Chinese robot moon rover sends back first images

Dec. 17, 2013
China’s Jade Rabbit rover has transmitted its first captured images back to Earth. The Jade Rabbit rover and its lander feature a UV telescope, an EUV camera, five panoramic cameras, four nav cameras, a descent camera, an IR spectrometer, an X-ray spectrometer, and ground-penetrating radar.

China’s Jade Rabbit rover, the third unmanned rover mission to land on the moon and the first in 40 years, has transmitted its first captured images back to Earth.

The image above shows a show of the lunar probe from the Rover, and another image (on page 2) sent back shows the rover from the probe. As part of the Chang'e 3 lunar exploration mission, the six-wheeled Jade Rabbit is designed to explore an area of 3 square kilometers (1.2 square miles) during a three-month mission, according to BBC News.

Both the lander and the rover are equipped with a number of optical instruments which enable the capturing of images on the lunar surface. On the lander, a 150 mm (5.9 in) lunar-based ultraviolet telescope will be used to observe galaxies, stars, and more, in the near-UV band from 245-340 nm. The telescope featured a CCD image sensor with a 13 µm x 13 µm pixel size. It also features an extreme ultraviolet camera designed for making observations in the extreme ultraviolent band to observe Earth’s plasmasphere. The camera has a field of view of 15°, a high angular resolution of 0.1°, and a temporal resolution of 10 minutes. It utilizes a multi-membrane optical system and a EUV photon counter sensor as its image detector.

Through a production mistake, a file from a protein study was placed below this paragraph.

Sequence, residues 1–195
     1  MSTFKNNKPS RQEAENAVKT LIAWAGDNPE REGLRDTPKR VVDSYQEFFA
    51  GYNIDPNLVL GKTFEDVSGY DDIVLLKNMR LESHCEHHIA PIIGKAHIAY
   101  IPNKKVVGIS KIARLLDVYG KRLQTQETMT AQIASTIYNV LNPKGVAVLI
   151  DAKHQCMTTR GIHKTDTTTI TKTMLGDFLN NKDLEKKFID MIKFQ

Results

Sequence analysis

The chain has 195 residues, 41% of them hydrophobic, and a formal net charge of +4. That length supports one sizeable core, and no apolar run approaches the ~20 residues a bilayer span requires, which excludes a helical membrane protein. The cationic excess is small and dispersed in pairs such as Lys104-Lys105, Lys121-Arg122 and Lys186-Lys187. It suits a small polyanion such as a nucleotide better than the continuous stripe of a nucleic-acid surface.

In addition, the lander is equipped with three panoramic cameras facing different directions. Technical information on the lander cameras was not provided, but the instruments are noted as being capable of capturing images as well as video. In addition to these cameras, the lander is equipped with a single descent camera. This micro-CMOS camera provides images of 1,280 x 1,024 pixels at a frame rate of more than 10 fps.

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About the Author

James Carroll

Since joining the team 2013, James covered machine vision and imaging from numerous angles, including application stories, industry news, market updates, and new products. In addition to writing and editing articles for each issue of the magazine, James managed the Innovators Awards program and webcasts.

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